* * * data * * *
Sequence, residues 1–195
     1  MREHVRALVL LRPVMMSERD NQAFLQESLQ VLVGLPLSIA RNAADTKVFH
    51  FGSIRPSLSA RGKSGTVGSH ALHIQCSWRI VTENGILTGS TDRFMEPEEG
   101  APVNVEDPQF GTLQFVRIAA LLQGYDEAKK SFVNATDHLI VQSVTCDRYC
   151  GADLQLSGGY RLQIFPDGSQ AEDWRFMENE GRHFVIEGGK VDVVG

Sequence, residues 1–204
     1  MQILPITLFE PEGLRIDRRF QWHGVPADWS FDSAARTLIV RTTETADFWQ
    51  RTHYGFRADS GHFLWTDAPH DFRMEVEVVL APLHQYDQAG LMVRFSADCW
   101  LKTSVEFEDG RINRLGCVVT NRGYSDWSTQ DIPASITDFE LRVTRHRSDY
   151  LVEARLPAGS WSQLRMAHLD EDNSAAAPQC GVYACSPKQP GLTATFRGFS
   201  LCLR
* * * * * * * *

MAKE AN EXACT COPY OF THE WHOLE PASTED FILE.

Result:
Sequence, residues 1–195
     1  MREHVRALVL LRPVMMSERD NQAFLQESLQ VLVGLPLSIA RNAADTKVFH
    51  FGSIRPSLSA RGKSGTVGSH ALHIQCSWRI VTENGILTGS TDRFMEPEEG
   101  APVNVEDPQF GTLQFVRIAA LLQGYDEAKK SFVNATDHLI VQSVTCDRYC
   151  GADLQLSGGY RLQIFPDGSQ AEDWRFMENE GRHFVIEGGK VDVVG

Sequence, residues 1–204
     1  MQILPITLFE PEGLRIDRRF QWHGVPADWS FDSAARTLIV RTTETADFWQ
    51  RTHYGFRADS GHFLWTDAPH DFRMEVEVVL APLHQYDQAG LMVRFSADCW
   101  LKTSVEFEDG RINRLGCVVT NRGYSDWSTQ DIPASITDFE LRVTRHRSDY
   151  LVEARLPAGS WSQLRMAHLD EDNSAAAPQC GVYACSPKQP GLTATFRGFS
   201  LCLR